A Change In The Air

There’s a nip in the air today…fall is on the way.

Not that it’s a surprise or anything…the goldenrod started blooming a few weeks ago.

The hydrangeas have gone from blue, to straw, to deep burgundy.

The Queen Anne’s Lace has gone to seed.

And the rosehips are ripening.

The beech trees are full of beechnuts. The mornings are so silent, I can hear the squirrels chewing on them in the upper branches.

Time to turn the compost pile means time bring in the last of the squash. Quite a haul this year…

And soon – very soon – it will be apple time…

 

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26 thoughts on “A Change In The Air

    • There’s no telling if some of those hybrid are going to be good eating or not until it gets cold enough to start cooking them. Even if they’re not, it’s a pretty display!
      Someday I might get around to trying to make some rosehip jam…these are so tiny – and seedy – that it’s hard to get excited about them. Besides, I have to leave them for the critters to eat in the winter!

  1. Beautiful pictures!!! Fall is nipping at us, too. I had to have a sweat shirt jacket this morning to feed MK’s cats. We’ve had rain, wonderful wet rain!!!

  2. Autumn is the best time of the year where we are. The trees changing colour means it is beautiful everywhere. Sad that it means it will be getting cold. I imagine very cold where you are. I hope you get a spectacle show.

    • Autumn is the best time of year anywhere I’ve ever been…except maybe Florida, where it’s hard to tell a difference. I may have to go north to my daughter’s house to see good fall color this year – the storm ‘burned’ the leaves off a lot of our trees here, near the coast…

  3. Time marches on and your photos beautifully depict Fall’s arrival. There’s beauty to be found in each of the Four Seasons and I wouldn’t want to live where all 4 weren’t present — although Winter could be shortened a bit and I wouldn’t complain.

    • Thanks, John…I lived in Florida for a year when my kids were little, and I can say with certainty that I prefer to have all four seasons.

      There’s something unnatural about wearing shorts when you pick out a Christmas tree…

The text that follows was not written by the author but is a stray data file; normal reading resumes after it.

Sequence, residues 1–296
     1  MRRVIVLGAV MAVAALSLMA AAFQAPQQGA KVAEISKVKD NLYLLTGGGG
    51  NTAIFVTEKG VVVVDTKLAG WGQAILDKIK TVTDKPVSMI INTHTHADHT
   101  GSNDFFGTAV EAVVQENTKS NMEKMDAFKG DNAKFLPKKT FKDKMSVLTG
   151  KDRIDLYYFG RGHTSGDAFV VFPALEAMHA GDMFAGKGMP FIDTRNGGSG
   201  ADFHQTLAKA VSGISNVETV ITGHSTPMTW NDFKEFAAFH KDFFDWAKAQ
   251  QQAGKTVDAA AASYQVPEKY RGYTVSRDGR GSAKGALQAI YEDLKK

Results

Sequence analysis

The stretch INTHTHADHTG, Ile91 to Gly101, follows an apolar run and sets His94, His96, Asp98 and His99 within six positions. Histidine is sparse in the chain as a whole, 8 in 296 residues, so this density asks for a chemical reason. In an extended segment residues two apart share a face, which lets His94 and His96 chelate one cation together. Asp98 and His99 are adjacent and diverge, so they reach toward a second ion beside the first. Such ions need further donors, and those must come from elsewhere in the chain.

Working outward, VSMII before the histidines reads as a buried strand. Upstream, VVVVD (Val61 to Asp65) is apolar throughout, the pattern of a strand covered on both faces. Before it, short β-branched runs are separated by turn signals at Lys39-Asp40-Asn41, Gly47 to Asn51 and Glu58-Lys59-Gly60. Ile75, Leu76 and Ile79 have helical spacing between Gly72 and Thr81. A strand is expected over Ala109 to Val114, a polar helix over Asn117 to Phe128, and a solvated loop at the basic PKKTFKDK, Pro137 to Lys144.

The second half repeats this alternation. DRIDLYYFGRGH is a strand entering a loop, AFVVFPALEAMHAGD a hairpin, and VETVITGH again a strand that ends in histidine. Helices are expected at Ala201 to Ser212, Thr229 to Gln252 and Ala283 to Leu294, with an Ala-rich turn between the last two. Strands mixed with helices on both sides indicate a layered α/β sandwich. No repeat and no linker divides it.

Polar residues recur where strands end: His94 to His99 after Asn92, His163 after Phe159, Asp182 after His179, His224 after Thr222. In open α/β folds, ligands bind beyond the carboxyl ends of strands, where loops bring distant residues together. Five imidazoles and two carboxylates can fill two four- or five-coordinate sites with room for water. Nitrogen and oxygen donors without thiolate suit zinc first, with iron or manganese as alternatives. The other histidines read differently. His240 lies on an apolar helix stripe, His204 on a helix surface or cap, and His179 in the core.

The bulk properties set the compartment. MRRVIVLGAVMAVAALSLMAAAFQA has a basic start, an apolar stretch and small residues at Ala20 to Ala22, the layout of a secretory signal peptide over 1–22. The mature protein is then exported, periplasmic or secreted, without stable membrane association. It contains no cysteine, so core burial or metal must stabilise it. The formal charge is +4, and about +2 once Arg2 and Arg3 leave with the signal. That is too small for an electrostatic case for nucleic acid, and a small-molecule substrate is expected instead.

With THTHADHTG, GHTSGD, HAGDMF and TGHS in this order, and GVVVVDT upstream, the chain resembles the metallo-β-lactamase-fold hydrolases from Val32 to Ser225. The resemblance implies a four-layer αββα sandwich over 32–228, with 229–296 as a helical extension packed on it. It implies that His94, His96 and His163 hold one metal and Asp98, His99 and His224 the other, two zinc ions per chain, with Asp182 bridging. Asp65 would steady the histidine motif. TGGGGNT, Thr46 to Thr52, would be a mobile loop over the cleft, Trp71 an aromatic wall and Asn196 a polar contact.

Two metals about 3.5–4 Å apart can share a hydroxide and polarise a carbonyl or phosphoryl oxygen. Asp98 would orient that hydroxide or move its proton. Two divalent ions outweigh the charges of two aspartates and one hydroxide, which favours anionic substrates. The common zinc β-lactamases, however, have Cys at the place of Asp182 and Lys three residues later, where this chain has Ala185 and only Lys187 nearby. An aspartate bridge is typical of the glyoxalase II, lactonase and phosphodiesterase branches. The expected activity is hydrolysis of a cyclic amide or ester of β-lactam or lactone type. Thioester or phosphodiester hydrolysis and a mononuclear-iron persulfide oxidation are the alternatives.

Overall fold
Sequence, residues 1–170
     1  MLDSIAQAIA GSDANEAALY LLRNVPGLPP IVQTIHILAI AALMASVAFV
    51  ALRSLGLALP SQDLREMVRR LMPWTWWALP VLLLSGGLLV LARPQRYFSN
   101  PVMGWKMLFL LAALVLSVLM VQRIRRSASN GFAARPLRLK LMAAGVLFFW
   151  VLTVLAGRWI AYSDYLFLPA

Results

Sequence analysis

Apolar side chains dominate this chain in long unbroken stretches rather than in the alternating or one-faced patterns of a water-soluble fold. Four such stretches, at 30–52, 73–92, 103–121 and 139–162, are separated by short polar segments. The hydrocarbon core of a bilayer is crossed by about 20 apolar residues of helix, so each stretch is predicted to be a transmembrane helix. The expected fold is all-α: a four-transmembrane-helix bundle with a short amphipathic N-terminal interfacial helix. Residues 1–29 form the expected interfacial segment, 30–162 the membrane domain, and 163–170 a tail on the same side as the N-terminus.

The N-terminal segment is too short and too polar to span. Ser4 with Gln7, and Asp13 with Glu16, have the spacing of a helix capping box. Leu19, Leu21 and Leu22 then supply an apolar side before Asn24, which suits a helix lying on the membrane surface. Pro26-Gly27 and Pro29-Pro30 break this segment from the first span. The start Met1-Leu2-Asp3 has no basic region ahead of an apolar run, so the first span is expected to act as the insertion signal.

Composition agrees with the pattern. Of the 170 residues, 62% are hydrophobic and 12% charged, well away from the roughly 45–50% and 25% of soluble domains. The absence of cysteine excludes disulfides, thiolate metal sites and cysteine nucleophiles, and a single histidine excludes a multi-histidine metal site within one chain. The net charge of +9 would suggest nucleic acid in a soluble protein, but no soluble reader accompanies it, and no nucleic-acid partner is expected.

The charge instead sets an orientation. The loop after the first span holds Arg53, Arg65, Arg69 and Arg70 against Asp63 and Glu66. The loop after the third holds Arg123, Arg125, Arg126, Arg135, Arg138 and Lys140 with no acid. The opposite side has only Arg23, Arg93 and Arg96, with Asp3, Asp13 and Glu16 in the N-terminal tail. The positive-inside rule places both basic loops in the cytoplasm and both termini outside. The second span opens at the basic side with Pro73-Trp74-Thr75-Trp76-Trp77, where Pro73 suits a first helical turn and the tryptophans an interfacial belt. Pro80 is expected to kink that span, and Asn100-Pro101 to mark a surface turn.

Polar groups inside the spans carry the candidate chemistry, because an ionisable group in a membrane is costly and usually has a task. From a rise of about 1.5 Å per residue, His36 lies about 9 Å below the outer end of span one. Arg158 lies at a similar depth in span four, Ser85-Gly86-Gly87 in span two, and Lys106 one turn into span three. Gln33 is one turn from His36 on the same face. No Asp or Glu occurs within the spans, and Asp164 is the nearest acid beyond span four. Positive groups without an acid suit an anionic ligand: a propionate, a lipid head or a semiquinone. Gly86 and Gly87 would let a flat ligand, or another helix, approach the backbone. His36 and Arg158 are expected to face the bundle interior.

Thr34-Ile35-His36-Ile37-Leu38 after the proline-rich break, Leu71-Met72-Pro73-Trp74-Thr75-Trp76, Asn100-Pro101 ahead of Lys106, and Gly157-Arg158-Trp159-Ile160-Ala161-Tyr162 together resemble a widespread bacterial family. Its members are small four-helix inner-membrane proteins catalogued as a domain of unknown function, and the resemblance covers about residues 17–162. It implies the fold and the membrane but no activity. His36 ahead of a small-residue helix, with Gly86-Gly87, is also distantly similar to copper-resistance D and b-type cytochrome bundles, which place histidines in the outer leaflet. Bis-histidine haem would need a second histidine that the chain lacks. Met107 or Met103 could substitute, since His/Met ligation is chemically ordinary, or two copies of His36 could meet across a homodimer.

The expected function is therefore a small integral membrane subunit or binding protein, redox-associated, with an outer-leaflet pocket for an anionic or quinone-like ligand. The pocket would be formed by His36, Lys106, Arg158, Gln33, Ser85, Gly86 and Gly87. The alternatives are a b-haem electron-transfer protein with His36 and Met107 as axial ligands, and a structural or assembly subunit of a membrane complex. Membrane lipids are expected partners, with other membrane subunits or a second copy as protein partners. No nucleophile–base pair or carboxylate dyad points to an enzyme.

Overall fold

4. I love your harvest of beautiful squash. They make sure a beautiful display even if they are not that good in cooking. Last year, I had a display of them on my front porch until after Thanksgiving.

    • Thanks, Karen…I’ll let them cure out there for a while longer before I start cooking them…
      Isn’t it odd that our fall displays have morphed from piles of winter food – squashes, drying corn, etc. – into inflatable animatronic monsters? Call me old-fashioned, but… you know.

  5. Wow what a harvest of squash! My friend delivered 3 good sized spaghetti squash to me earlier this week.. Looking on-line there doesnt seem to be an awful lot you can do with this variety, other than literally use it instead of spaghetti.. cover it in a flavoursom sauce and enjoy!
    Do you grow them? and can you suggest anything I could do with them?
    Beautiful pictures by the way. Autumn is such a wonderful time of year and you have captured it so well.

    • Hmm, I haven’t cooked those in a long time….but try this: cut them in half, and seed them. Sprinkle the cut side with a little salt, pepper and olive oil, and roast in a 400-degree oven – sorry, I don’t know the metric conversion! – until they’re tender. Then scoop out the ‘spaghetti’, and saute it with some more oil (or Butter) and your favorite herbs. You may need to add a little broth if the squash is really dry. That’s all I can think of right now, but maybe someone else will have a suggestion…

      Thanks for your comment – it’s always nice to make new friends!

    • YAY! Tanya’s home! Hope you had a great vacation…
      I enjoy summer – now that I no longer live in a part of the country where that means many days over 100F – but I really come alive in the fall. The days are still warm here now, but the nights are crisp and cool…

  6. Beautiful photos. And that IS quite a haul of squash! You put my garden to shame. Well, okay, it isn’t the garden’s fault at all.

    We have quite a few signs of autumn here too. I started cleaning up the garden this weekend. I was hoping to be out there today too, but the rains came.

    • Thanks, Robin. To be honest, most of that squash grew with no help from me. The oval ones are the only ones that were planted on purpose and tended. The others came from the compost pile!
      Which is where all winter squash will grow from now on…

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